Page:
Burdzhanadze: Calm amid the storm

Nino Burdzhanadze, who says she will assume the duties of Georgian president from embattled Eduard Shevardnadze, stands out as a measured, collected figure among her emotional compatriots.

    The lawyer turned politician is seen as dashing yet austere

    Her measured words and calls for calm are in contrast with the strident pose of Georgia's main opposition leader Mikhail Saakashvili, the leading force behind some of the largest Georgian protests in a decade.

    “We should be calm and organised,” she told supporters during and after they stormed parliament, forcing Shevardnadze to flee in confusion as he was addressing the new assembly's inaugural session after a disputed election. 
    The opposition politician thanked the police and army for “not raising their hands against the peaceful people of their own country”.

    Headmistress of the revolution

    Burdzhanadze, 39, seems an unlikely leader of what Saakashvili has christened a “velvet revolution”, taking his lead from the bloodless 1989 coup which ended communism in former Czechoslovakia.

    “We should protect the physical security of the president like any other citizen of this country”

    Nino Burdzhanadze

    Clad in tailored suits, many remark she reminds them of a school headmistress. Her clipped but elegant Georgian is direct and stern.
    She is hugely popular among women and has twice been elected to Georgia's parliament since ending protracted studies and consulting work at the Environment Ministry and parliament's Committee on Foreign Relations. 
    Former supporter

    Like Saakashvili, Burdzhanadze was once a solid supporter of Georgia's now troubled president, who swept into power in 1992 after a period of huge upheaval following the demise of communism in the former Soviet republic.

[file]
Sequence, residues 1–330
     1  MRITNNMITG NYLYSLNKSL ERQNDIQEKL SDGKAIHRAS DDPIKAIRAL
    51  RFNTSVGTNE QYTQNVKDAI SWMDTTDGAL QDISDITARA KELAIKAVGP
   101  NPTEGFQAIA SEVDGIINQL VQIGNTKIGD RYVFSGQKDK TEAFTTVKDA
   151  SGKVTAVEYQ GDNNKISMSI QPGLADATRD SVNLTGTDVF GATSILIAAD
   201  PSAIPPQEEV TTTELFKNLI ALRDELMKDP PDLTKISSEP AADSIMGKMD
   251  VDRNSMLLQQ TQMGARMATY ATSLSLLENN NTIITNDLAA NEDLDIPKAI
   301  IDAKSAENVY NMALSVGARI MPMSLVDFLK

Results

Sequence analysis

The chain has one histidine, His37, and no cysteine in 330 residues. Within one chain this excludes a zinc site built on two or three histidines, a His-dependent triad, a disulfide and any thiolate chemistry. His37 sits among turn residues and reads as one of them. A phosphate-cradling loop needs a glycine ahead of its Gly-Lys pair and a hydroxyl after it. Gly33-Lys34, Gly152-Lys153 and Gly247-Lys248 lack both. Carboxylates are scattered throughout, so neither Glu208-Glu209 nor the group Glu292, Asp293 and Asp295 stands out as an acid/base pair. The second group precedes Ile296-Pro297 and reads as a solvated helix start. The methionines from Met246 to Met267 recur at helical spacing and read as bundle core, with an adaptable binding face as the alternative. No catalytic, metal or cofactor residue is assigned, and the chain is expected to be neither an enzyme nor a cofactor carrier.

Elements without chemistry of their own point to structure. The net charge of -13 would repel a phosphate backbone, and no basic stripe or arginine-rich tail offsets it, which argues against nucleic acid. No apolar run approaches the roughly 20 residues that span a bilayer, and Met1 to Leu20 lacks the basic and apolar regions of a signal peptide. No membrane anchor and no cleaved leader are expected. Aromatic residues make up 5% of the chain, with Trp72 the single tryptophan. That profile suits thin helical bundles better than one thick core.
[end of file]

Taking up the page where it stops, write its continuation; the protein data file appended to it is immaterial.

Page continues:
She has been blunt in branding Shevardnadze's administration corrupt. But she has called on opposition activists not to turn their wrath over the modern Georgia's dire straits into attacks on the 75-year-old leader.

    “We should protect the physical security of the president like any other citizen of this country,” she said after the opposition seized the country's parliament on Saturday.

    SOURCE: Reuters


    Interactive: How does your country vote at the UN?

    Interactive: How does your country vote at the UN?

    We visualised 1.2 million votes at the UN since 1946. What do you think are the biggest issues facing the world today?

    'We were forced out by the government soldiers'

    'We were forced out by the government soldiers'

    We dialled more than 35,000 random phone numbers to paint an accurate picture of displacement across South Sudan.

    Interactive: Plundering Cambodia's forests

    Interactive: Plundering Cambodia's forests

    Meet the man on a mission to take down Cambodia's timber tycoons and expose a rampant illegal cross-border trade.